And when Scales, who developed into an all-state wide receiver and defensive back, failed to qualify academically out of high school, people in the Woodbridge and Manassas communities pitched in thousands of dollars to help Scales pay the $12,000 tuition to Fork Union Military Academy for a year.

On to Tech

Scales attended FUMA for the 1992-1993 school year, played football, and wound up getting a scholarship offer to Virginia Tech, a place he fell in love with the instant he saw it. He redshirted during Tech's 1993 season, and then injuries and a stint on academic probation slowed his 1994 and 1995 seasons.

In 1996, though, with Antonio Freeman and Bryan Still gone to the NFL, Scales stepped up and became Tech's top receiver and Druckenmiller's favorite target. Scales and Cornelius White each had 30 receptions that season, but Scales led the team with 510 yards (17.0 per catch) and 4 TD's.

Against Pittsburgh that year, he had 3 catches for 95 yards and 2 TD's, which came in a two and a half minute stretch and turned a 17-14 deficit into a 28-17 lead; he caught 4 passes for 71 yards in a 21-7 road victory over Miami; and he scored Virginia Tech's last TD of the regular season when he took a 17-yard reverse into the end zone against Virginia.

He also led the Hokies in kickoff returns, with a 26-yard average. The diminutive Scales (5-11, 191 pounds) had proven himself to be a playmaker, and he was looking forward to his senior season.

At that point, he was thinking about the NFL. "I was really thinking that. I was to the point where I was feeling confident in my ability to play the game. I caught the ball well, and I was returning kicks well."

The 1997 season started out well. In the first four games, with the Hokies going 4-0, Scales caught 10 passes for 217 yards (21.7 yards per catch) and 2 TD's.

In the fifth game, against Miami of Ohio, Scales was having another good game, catching 3 passes for 81 yards, but then disaster struck. He was injured with what was diagnosed as a sprained ankle, but when the injury persisted, his ankle was re-examined, and the diagnosis was changed to a detached tendon in the ankle.

Scales was done for the season. He battled back and rehabbed and played in Tech's crushing 42-3 Gator Bowl loss that year, catching one pass for 13 yards, but he never completely healed during the 1997 season.

The NFL and Beyond

Scales' Virginia Tech career was over, and thus began a multi-year odyssey that has seen him spend time with the San Francisco 49ers (fall of 1998), the Pittsburgh Steelers (fall of 1998 to fall of 1999), and the Frankfurt Galaxy of the World Football League (summer 1999).

He signed with the Niners as a free agent in 1998, and he lasted until the final cut. The Steelers picked him up, put him on their practice squad for the 1998 season, and then assigned him to Frankfurt, where he spent the 1999 season. Frankfurt won the World League championship that year, and Scales still holds the World Bowl game and career records for kickoff return average (he returned 3 kicks for 107 yards in the 1999 World Bowl game, averaging 35.7 yards per return).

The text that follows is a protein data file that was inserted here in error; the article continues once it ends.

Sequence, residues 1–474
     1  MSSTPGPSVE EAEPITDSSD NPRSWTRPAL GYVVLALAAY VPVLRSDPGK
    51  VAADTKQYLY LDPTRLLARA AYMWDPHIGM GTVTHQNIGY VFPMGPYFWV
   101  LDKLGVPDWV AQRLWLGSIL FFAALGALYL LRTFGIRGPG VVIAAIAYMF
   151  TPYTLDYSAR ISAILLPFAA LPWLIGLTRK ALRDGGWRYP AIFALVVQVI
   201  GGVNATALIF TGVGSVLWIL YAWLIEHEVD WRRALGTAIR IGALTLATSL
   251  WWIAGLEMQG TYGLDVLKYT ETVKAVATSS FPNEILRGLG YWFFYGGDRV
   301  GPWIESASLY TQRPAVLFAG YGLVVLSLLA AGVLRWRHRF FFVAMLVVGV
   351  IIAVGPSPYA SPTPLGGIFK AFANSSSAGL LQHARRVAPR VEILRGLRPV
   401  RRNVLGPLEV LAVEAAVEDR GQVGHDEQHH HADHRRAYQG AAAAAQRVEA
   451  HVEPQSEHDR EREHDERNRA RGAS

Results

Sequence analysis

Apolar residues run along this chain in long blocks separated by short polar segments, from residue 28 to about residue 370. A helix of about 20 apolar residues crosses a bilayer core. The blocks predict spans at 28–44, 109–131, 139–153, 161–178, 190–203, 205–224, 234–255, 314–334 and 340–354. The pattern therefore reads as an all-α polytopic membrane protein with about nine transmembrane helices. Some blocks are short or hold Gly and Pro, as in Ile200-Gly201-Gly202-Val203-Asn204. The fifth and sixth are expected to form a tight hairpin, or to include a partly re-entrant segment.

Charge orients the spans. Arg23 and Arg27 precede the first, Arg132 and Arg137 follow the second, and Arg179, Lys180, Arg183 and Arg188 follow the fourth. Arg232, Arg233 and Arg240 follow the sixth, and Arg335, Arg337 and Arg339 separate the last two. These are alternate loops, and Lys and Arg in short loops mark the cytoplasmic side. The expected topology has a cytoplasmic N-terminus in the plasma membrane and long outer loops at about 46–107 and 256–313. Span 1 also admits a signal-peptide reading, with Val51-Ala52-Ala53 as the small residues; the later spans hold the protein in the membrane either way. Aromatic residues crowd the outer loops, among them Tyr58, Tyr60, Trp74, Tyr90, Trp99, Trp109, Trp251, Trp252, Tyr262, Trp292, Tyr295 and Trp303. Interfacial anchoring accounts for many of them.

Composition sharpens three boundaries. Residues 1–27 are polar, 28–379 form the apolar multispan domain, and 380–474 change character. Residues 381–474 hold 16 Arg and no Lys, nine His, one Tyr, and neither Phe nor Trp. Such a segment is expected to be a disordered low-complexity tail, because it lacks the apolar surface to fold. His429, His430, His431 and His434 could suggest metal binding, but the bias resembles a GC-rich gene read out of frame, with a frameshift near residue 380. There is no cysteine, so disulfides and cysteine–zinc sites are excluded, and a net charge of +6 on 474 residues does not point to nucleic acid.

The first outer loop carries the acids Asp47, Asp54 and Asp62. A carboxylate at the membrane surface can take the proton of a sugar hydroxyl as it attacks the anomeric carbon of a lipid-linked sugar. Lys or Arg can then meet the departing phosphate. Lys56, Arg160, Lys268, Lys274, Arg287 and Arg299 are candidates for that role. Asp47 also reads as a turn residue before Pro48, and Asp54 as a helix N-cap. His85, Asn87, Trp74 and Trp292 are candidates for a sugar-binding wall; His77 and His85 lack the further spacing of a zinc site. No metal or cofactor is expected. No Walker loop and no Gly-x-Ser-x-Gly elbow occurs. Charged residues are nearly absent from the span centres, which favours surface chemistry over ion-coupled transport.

"Football-wise, I thought the experience was good," he says of his three months in Europe. "The facilities that we had were great, so I had places to go and relax and be by myself when I needed it. Personally, I thought it was good for me, because I had never been out of the country, and you read about other places, but you usually don't get to see them."

But injury reared its ugly head again, and it would cost him another shot at an NFL career. And when he returned for Steelers' training camp in the fall of 1999, he wasn't full speed. "When I went into camp with the Steelers," he recalls, "I had tendonitis in my Achilles tendon, and that's detrimental for a wide receiver. So I wasn't real thrilled about what was about to happen. It was inevitable. There wasn't anything I could do. Again, I went until the last cut."

He signed briefly with the Calgary Stampeders of the Canadian Football League in 1999, and signed for just a few days with the Albany Firebirds of the Arena League in 2000. But mostly, he just knocked around, working for Wal-Mart and doing other such jobs.

Scales felt as if his football career was over, but then he tried a stint with the Prince William Monarchs of the Mason Dixon Football League, a semi-pro league that has 17 teams in a 7-state area in the mid-Atlantic.

He tore it up. In the 2001 season, Scales dominated the league from the wide receiver position. He only played in seven games out of the ten-game season, but he led the league in receiving with 46 catches for 1,128 yards and 19 touchdowns. Prince William QB's had 32 touchdowns last season, with Scales catching well over half of them.

Teams in the MDFL, as it is called, only play in front of several hundred fans at a time, but averaging close to 25 yards per catch and nearly 3 TD's per game, says Scales, "Put the taste for the game back in my mouth."

Scales tried out with some Arena Football teams, but was not able to make a roster, and in early 2002, he caught on with the Richmond Speed of arenafootball2.

And then, an old friend visited. That's right: an injury, in just the third game of the season.